Ellis Creek Water Recycling Facility

City of Petaluma, 

Ellis Creek Water Recycling Facility

2011 Architectural Merit Award for Sustainability (Burks Toma Architects, sub) - Concrete Masonry Association
2010 Northern California Chapter Project of the Year (Category: Environmental over $75 Million) - American Public Works Association, Northern California Chapter
2010 Award of Merit - WateReuse Association
Project Highlights: 
  • Consolidation of two aged plants into one 8.0-mgd plant at Lakeville Highway
  • Treatment alternatives evaluation including process modeling
  • Metals, organics, and nutrient removal via wetlands treatment
  • Solids treatment and handling
  • California Title 22 tertiary unrestricted use and secondary disinfected use
  • Odor control
  • Secured over $4 million in grants to pay for a "Wetlands Park"
  • Planning/design decisions considered sustainability and ecological footprint
Ellis Creek Aerial
Planning for the Petaluma WRF included evaluating treatment alternatives such as advanced facultative ponds, aerated lagoons, trickling filters, primary clarifiers followed by oxidation ponds, activated sludge, and extended aeration.

Carollo Engineers provided facility planning, predesign, permitting, and final design for the new 8.0-mgd (average annual flow) water recycling facility for the City of Petaluma.

The planning phase evaluated multiple treatment alternatives including advanced facultative ponds, trickling filters, aerated lagoons, primary clarifiers followed by oxidation ponds, activated sludge, extended aeration and wetlands treatment. Carollo performed process modeling for each alternative to determine sizing, developed the cost for each alternative, and performed a detailed evaluation to compare neighborhood impacts, public amenities, and sustainability. Additional wastewater treatment considerations included reliability and biosolids production.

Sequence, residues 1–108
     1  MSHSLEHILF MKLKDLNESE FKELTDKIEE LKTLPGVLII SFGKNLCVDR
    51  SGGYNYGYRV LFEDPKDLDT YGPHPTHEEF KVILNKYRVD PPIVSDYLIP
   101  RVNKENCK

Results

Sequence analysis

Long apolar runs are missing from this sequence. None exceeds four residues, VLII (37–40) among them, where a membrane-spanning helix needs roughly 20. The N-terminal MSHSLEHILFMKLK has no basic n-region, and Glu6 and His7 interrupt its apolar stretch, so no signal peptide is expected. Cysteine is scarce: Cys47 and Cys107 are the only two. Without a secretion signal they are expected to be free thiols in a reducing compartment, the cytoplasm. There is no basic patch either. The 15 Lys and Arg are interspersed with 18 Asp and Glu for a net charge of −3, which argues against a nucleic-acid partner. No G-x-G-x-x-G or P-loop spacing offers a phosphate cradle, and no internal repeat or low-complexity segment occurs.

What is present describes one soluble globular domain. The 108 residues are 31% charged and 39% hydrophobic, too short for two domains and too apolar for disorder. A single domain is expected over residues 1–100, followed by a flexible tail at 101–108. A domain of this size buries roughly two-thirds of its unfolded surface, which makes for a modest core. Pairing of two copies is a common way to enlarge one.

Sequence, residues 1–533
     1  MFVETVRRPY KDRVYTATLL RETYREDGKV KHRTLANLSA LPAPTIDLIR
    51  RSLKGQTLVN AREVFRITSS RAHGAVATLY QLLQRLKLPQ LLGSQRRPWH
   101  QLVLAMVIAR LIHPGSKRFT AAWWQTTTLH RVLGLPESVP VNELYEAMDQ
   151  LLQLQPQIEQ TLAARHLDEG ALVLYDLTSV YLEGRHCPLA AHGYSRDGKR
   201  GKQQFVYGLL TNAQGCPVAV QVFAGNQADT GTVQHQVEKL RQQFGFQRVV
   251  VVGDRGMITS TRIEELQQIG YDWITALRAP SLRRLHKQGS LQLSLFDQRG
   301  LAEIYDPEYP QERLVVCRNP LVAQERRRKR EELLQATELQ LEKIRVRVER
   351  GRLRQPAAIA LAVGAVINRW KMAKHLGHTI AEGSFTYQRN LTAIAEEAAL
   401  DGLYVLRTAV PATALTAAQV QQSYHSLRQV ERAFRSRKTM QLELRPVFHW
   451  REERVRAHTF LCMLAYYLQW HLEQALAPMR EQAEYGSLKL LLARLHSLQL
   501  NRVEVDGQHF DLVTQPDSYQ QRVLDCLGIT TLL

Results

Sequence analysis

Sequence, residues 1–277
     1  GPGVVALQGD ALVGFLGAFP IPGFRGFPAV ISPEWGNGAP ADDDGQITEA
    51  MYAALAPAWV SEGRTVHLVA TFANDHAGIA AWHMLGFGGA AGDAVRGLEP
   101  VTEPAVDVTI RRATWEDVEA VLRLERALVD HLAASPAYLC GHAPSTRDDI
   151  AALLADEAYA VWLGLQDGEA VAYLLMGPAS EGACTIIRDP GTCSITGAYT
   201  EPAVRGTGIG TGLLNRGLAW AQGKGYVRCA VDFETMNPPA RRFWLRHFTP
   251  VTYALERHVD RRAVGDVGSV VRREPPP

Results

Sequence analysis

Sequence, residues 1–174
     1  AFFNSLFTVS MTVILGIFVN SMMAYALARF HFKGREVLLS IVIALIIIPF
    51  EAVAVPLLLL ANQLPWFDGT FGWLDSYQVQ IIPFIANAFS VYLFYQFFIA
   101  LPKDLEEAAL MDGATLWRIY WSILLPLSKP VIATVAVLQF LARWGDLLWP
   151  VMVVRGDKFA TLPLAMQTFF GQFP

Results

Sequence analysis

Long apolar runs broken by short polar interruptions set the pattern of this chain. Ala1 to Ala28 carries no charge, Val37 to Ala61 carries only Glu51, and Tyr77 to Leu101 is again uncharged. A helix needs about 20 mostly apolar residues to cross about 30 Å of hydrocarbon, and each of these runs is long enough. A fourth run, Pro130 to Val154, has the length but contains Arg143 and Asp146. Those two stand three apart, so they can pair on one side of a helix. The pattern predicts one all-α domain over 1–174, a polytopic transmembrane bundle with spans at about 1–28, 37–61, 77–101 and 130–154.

The selected processes included a headworks, odor control using soil bed biofilters, extended aeration secondary treatment, secondary clarifiers, RAS/WAS pump stations, modifications to the existing oxidation ponds for storage and wet weather treatment, tertiary treatment, and biosolids treatment and storage. The City Council also elected to include advanced wetlands treatment for metals, organics, and nutrient removal. Thirty acres of vegetative wetlands remove algae from the oxidation ponds, and an additional thirty acres of polishing wetlands provide advanced treatment of the effluent prior to river discharge. As part of the wetlands and overall site development, over 3.5 miles of trails were created and native landscaping provided for public amenities. Carollo helped secure over $4 million in grant funding to help pay for the wetlands and public amenities.

Tertiary treatment includes continuous backwash filters and ultraviolet light (UV) disinfection to meet California Title 22 unrestricted reuse standards. The tertiary process is sized at 4 mgd to meet the initial demand for urban reuse. The plant will also continue to produce up to 4 mgd of secondary disinfected effluent for existing agricultural users.